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Community Chat | Marital Rape in India - You are a wife before you are a women

On September 30, we hosted a community chat with Bharat Saini and Muskaan Goyal, team leaders of Atlas India, and we touched on a taboo subject in India, marital rape.

We all know that the act of rape is and should be a punishable crime. But when it happens between a man and woman who are married to each other, did you know that in some countries this type of rape, “marital rape,” is not against the law?

India is one of these countries, and tragically, 1 in 3 men there admit to raping their wives. Rape, or sex without consent, outside of marriage is criminalised in India, but there’s an evil exemption in this criminal penal code - rape between a husband and wife is not a crime.

(Anindito Mukherjee/Reuters)

In India, a patriarchal society is dominant. Unfortunately, this leads many men to believe that when a woman marries, she automatically gives her consent to her husband’s right to have sex with her at any time and in any manner he desires. Women are taught that they are first a wife…then a woman.

This problem has been prevalent for a very long time, but sadly, there does not seem to be any progress in addressing it or in protecting married women through the legal system. Why? Because no one is talking about it. Any discussion of sex is still a religious and cultural taboo in India. To criminalise marital rape is to challenge the religion, the culture, and the patriarchal system.

Marital rape is so sensitive that the Indian courts have to “handle with care.” Even when a case makes it to court, it is usually dismissed because of lack of evidence - the woman’s word is not enough. A supreme court judge on public interest litigation (PIL) in 2015 stated that stopping acts of marital rape can only be solved through “moral and social awareness” building and education, not by changing the laws. The courts have expressed reluctance to interfere with or disturb the institution of marriage.

The culture of “blame the victim” is still rooted in a lot of Indians' minds and tends to point the finger at the woman instead of the man, for example by criticizing the victim for her clothing or asking why she was out after dark. There is no recognition of how dehumanizing the act of rape is to the victim. A marital rape is especially traumatizing because the victim has to live with her rapist.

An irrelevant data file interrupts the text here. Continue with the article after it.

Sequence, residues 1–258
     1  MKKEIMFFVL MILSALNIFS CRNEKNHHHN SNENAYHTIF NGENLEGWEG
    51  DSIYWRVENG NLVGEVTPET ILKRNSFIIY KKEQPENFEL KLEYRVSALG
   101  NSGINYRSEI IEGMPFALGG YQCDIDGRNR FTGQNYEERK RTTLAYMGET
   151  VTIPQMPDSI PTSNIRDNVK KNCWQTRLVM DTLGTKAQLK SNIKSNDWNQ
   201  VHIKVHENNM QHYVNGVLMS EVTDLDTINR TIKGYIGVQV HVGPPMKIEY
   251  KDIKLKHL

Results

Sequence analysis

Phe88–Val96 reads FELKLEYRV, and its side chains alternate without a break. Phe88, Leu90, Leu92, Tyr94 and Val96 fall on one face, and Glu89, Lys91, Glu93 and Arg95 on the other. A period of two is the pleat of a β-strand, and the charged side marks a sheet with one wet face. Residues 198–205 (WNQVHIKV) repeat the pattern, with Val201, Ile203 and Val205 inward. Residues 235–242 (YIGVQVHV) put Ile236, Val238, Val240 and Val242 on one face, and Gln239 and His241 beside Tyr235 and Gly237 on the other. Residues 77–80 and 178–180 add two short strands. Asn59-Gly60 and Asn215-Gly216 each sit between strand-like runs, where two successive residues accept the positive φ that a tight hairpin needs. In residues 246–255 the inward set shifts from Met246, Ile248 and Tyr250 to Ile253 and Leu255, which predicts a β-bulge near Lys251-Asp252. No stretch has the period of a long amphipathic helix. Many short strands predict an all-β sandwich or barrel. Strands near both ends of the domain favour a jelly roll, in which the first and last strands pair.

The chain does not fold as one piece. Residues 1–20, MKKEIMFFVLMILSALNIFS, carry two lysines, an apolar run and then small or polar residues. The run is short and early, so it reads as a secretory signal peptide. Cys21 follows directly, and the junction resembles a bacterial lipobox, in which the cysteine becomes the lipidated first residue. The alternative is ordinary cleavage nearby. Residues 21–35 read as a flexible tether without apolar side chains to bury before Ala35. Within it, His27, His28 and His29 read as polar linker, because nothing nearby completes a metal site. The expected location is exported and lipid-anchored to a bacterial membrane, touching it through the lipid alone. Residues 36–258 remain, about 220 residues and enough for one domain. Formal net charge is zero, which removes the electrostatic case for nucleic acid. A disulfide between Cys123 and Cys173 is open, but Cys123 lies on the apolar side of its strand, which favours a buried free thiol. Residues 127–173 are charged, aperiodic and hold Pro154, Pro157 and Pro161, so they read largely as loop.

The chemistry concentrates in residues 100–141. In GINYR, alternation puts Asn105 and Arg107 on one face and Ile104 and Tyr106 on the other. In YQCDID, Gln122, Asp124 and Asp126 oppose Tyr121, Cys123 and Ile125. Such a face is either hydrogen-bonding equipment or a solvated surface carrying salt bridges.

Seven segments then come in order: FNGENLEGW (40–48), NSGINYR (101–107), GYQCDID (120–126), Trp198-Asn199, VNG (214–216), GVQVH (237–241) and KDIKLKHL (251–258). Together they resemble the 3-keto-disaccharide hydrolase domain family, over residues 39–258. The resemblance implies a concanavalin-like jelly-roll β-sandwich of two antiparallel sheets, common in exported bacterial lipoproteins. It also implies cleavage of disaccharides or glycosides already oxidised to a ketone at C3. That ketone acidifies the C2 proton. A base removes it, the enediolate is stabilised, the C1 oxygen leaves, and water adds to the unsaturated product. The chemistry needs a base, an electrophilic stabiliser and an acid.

So what can we do?

Atlas supports all human rights, including the right to a safe environment and the right to exercise autonomy over one’s own body. As a movement, we support Team India’s plan to begin by investigating the legal complexities within Indian law and then move forward with raising awareness through:

Research - Understand contradictions between state and national laws and how their legal definitions differ from other countries. Learn how other countries criminalised marital rape and how they manage the issue of proof.

Legal representation - Present a PIL/case file and form alliances with other organizations. Broaden the team.

Youth support - Increase awareness, initiate the conversation, and garner support. Use Pan-India, social media.
Follow the court process and improvise - After a case is filed, follow it through the judiciary system. Adjust and plan further actions according to the results of the court hearing.

Are you interested to work on this campaign?

Join our team!


What can Atlas as a global organization do to help?

Most importantly, progress from within India must be a first step. We will help Team India as they work to gain support from the Indian youth, communities, and people in all walks of life within the nation. To gain trust, it is important to respect the fact that to speak out requires overcoming strong pressures and taboos.

Outside of India, raising awareness is only the first step as well!

After more support is garnered from within India itself, Atlas will be ready to mobilize people from all over the planet to pressure the Indian government to act forcefully against marital rape. Could religious leaders be a positive influence? Could we connect youth from other countries with Indian youth to engage in open discussions?
Join us - we will never stop fighting to protect Indian women from this horrific crime.

We need more ideas. And we need you to make this campaign happen! Join us today!


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